May the Fourth. Fraught with confession. Fraught with vulnerability. Fraught with pain. And full of gratitude. Full of grace. 

May the Fourth. When duality is made real, like Samhain when the veil between Good and Evil grows thin. A day when we wonder whether Light or Darkness will win. 

And yet a Light shines in the Darkness, and Darkness has not overcome it. Not yet. Not ever if we can help it. And we can help it. Lives like Rachel’s teach us so. 

Waving in the dark,




P.S. Rachel invited me to guest post on her blog in 2012, on Mother’s Day, about faith and parenting. I worked on that blog for three weeks, word by word, to make them as truthful as I knew how. It was a fissure in my facade; a cracking point in Truth Telling and Living Out Loud; a final acquiescence to honesty about a complex faith. Ask. Seek. Knock. Breathe. was the product of that effort. And I’m forever grateful to Rachel for tending to that flame. 

P.P.S. This. Because Rachel loved it. And it’s oddly instructive for right now as we consider what the fuck we do next. I’ll tell you. We build our nests. 

P.P.P.S. Finally, to you, Rachel —  Eshet Chayil. You, my friend, were a woman of valor. Well done. 


ABOUT BETH WOOLSEY I'm a writer. And a mess. And mouthy, brave, and strong. I believe we all belong to each other. I believe in the long way 'round. And I believe, always, in grace in the grime and wonder in the wild of a life lived off course from what was, once, a perfectly good plan.
  1. There are no words… only grief, deep and bottomless and unending… and we are here in it together.
    Always remember, the Way is Love.
    Keep speaking. Keep spreading the Light. You are carrying on her legacy.
    Take care, Friend. You are not alone in your pain.

  2. Sending love…

  3. I have been absolutely gutted by this, this week end. I never met Rachel, but her words and her spirit have been so important to me in my own unraveling of faith. And I’m so sorry for your migraine. I get it. I’ve been in the hospital with them too. 🙁

  4. “May 4th — May the Fourth — is a day that’s somewhat fraught for me, though it eases with the passing of the years. It’s the day Greg and I adopted our 2nd and 3rd kids and weren’t ready — emotionally or maritally — to tend to their needs or our own. It’s a day I feel flooded with guilt for failing to be present in a way our children desperately needed us to be. And it’s a day I feel gratitude that we’ve cobbled together a good life out of the rubble. It’s very Both/And, in other words. Both sad and triumphant. Both reckoning and reconciliation. Both loss and love. You know? Like all of life, I supposed, just magnified.”

    Change the date to the next month, and change the husband’s name, and this is me, word for word. And now it’s coming up again. And this time, four years later, we’re headed for an UnGotcha Day, too. Because that 3rd kid needs A Loving Family more than she needs Our Last Name. Because I refuse to put her in residential care as has been recommended for years, as though too many years in an institution wasn’t already Most Of The Problem. Because I can’t “just call DCF to come pick her up,” as one of her doctors (!!!) recently suggested. Because she can’t stay here to continue to miss out on life and be surgically force-fed (by choice, dammit, because a feeding tube is better to her than eating food or drinking water given by Mama and Daddy; she eats just fine for strangers and therapists) and harm herself for attention and threaten to kill the baby.

    And on Saturday, when my husband was supposed to take some of the kids to church, he stayed home instead. Because my eyelid wouldn’t quit twitching, and I couldn’t Use The Words, and I couldn’t walk straight, and all of the sounds including my voice were painful, and he didn’t want to leave me here with the others. And oh, the shame. They’re missing out AGAIN and it’s MY FAULT. I am supposed to be the one taking care of them, not getting taken care OF. And…and…and… Yes: Oh Fuck and All The Things. And yet, yes, John 1:5. One of my favorite verses. Sometimes whispered, sometimes yelled through gritted teeth.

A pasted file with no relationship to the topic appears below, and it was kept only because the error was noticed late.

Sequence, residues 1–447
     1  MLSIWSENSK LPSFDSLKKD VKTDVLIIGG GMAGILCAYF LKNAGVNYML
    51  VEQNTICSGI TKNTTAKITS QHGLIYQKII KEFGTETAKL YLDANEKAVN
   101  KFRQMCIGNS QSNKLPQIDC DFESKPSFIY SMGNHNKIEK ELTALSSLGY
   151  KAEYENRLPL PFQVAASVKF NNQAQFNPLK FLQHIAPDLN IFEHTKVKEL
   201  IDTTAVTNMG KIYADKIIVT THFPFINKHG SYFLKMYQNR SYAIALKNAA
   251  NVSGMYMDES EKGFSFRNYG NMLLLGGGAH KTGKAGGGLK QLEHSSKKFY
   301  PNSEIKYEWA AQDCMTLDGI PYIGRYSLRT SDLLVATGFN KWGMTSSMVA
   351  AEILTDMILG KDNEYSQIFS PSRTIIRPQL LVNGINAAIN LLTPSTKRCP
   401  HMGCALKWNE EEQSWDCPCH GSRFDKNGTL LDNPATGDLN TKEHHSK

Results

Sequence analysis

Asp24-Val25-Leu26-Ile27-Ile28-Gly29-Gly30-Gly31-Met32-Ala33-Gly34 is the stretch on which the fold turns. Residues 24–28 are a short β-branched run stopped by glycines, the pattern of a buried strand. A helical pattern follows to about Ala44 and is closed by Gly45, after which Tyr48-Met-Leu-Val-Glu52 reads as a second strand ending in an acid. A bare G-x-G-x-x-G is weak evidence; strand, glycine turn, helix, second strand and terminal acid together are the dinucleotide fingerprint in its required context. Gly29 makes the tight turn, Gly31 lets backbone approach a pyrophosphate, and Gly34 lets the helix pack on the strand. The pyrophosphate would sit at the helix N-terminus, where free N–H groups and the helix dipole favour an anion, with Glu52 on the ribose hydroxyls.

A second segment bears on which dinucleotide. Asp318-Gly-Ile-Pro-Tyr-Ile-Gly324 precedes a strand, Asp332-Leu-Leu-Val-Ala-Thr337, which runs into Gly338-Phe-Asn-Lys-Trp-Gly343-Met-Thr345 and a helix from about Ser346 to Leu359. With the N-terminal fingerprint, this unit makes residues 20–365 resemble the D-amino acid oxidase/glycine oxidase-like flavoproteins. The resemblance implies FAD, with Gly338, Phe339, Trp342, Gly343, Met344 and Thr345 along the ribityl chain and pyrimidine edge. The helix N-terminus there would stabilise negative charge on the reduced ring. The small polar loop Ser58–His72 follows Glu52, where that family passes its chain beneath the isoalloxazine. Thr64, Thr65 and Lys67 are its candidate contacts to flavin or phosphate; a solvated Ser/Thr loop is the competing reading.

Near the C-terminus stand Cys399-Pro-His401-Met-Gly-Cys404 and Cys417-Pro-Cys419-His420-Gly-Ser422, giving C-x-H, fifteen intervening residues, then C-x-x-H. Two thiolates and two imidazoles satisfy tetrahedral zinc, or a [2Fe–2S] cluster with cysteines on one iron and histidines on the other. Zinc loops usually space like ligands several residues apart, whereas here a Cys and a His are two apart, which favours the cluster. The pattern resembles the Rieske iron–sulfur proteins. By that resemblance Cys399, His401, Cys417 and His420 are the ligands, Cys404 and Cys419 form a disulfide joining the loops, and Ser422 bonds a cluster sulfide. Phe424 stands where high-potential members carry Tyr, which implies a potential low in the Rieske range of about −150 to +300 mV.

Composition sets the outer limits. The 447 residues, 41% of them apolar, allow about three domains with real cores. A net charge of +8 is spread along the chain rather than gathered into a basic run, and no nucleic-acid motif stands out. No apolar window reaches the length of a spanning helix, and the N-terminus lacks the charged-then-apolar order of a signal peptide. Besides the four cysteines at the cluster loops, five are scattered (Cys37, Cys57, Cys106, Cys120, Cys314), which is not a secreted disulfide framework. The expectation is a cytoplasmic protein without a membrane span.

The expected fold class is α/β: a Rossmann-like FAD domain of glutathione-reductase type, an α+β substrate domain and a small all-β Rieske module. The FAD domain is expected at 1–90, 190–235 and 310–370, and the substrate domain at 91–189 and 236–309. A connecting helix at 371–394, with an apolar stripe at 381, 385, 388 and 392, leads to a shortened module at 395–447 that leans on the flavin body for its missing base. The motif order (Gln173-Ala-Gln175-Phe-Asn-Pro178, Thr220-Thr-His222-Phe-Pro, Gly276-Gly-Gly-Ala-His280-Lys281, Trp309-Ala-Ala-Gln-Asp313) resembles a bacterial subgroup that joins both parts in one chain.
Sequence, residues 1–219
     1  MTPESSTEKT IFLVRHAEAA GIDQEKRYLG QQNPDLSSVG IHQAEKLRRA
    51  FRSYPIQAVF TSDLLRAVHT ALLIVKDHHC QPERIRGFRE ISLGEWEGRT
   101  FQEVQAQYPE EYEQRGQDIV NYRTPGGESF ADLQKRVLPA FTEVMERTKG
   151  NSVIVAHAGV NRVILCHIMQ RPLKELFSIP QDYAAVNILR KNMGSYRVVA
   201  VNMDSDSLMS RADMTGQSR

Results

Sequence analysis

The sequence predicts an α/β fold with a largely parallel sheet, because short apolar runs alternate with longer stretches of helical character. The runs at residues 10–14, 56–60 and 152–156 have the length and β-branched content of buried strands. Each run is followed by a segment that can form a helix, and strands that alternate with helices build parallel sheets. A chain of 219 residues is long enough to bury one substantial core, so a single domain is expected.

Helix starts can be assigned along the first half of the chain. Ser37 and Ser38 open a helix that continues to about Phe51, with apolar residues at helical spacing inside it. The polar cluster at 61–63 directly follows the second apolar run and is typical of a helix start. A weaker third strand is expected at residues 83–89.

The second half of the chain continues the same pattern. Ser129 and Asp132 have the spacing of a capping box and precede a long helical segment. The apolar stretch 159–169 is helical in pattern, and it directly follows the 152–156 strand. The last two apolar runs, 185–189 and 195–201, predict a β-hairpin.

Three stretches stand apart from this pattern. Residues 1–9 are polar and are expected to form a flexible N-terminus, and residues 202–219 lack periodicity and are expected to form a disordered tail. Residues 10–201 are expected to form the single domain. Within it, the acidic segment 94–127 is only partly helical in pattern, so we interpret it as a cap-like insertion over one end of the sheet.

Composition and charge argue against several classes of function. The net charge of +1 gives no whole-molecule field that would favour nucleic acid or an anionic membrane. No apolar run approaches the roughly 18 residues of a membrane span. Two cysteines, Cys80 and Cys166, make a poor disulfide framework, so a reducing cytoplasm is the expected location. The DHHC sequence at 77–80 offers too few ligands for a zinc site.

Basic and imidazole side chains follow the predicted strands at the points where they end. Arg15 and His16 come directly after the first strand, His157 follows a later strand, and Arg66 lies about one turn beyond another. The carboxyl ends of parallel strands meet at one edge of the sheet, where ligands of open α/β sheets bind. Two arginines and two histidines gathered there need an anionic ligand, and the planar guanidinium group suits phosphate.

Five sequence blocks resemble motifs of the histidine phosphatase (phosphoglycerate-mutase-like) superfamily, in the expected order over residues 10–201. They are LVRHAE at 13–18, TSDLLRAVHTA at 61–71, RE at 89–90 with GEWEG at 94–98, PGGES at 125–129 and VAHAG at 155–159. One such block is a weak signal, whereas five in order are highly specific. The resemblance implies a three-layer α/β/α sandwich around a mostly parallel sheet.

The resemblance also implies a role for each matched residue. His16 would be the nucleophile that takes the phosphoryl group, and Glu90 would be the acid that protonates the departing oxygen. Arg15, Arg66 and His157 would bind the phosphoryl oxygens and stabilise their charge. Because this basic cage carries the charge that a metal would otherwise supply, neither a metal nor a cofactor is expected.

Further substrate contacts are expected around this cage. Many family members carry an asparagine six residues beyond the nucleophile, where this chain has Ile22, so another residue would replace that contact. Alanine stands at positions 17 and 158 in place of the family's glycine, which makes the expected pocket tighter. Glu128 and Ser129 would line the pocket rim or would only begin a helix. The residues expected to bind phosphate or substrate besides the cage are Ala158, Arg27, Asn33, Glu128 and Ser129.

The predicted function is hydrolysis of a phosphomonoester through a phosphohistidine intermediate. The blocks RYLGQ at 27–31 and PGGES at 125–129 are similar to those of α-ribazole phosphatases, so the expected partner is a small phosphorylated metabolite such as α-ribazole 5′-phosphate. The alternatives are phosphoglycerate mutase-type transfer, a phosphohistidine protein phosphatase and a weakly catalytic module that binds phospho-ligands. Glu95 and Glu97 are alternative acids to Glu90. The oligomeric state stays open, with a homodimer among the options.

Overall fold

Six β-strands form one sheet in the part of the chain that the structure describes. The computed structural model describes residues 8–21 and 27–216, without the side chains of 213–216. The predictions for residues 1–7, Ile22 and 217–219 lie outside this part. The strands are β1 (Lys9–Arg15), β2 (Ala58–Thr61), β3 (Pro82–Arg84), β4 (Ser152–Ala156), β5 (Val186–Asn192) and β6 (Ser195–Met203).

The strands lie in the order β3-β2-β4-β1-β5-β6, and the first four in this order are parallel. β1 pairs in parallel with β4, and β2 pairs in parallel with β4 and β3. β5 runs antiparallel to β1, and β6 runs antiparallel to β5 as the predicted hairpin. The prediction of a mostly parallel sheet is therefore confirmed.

5. Thank you. Ironically, my atheist daughter shared one of Rachel’s posts with me back in 2012. I can’t say that’s how I found you, but it started me on a journey to seek out other’s like her, and you happened along sometime after that, I think. I got to meet her in 2014, and I’m beating myself up that I can’t find the photo we took with her. She made me feel like an amazing mother. In five minutes. And I LOVE that your tree was still up in May! I just removed my Christmas door mat from the front door yesterday. Grieving with you. Cursing the darkness. Looking forward to that day when we all can say, “Further up and further in.”

  6. You have at least one point wrong here. You say you can’t lay claim to her. Except you can. She was your sister in Christ and if you loved her, in whatever form that took, you can claim her however you want. If she held a peice of your heart that peice is no less valuable than someone who knew her “more”, who loved her “more”. Remember that. Your grief journey is uniquely yours. My friend died from ovarian cancer a little over a year ago. We weren’t best friends either (though I would have loved to have been considered as such) but that lady was my faith rock. And now she is gone and the world still feels so confusing. But I will be damned if anyone tells me to my face we weren’t close enough for the pain of her loss to be as deep as it was, as deep as it still is.

    1. Thank you Lisa, I needed to hear that. I lost my faith rock a little more than a year ago, and I often felt that while I considered her a friend that there were so many closer friends that needed to spend time with her in her last days that I nearly missed my chance. The fact that she wanted to see me and have me visit her should tell me that I can lay claim to my dear sister in Christ.

  7. I was in the ER on Monday with a migraine. I can truly feel your pain. And the loss of Rachel will haunt all of us for a long time to come. I’m glad she was present in your life and that you were able to write for her blog. Eshet Chayil, to you and Rachel.

  8. It’s been surreal and sad. What a gift that you got to spend time with her, once upon a time!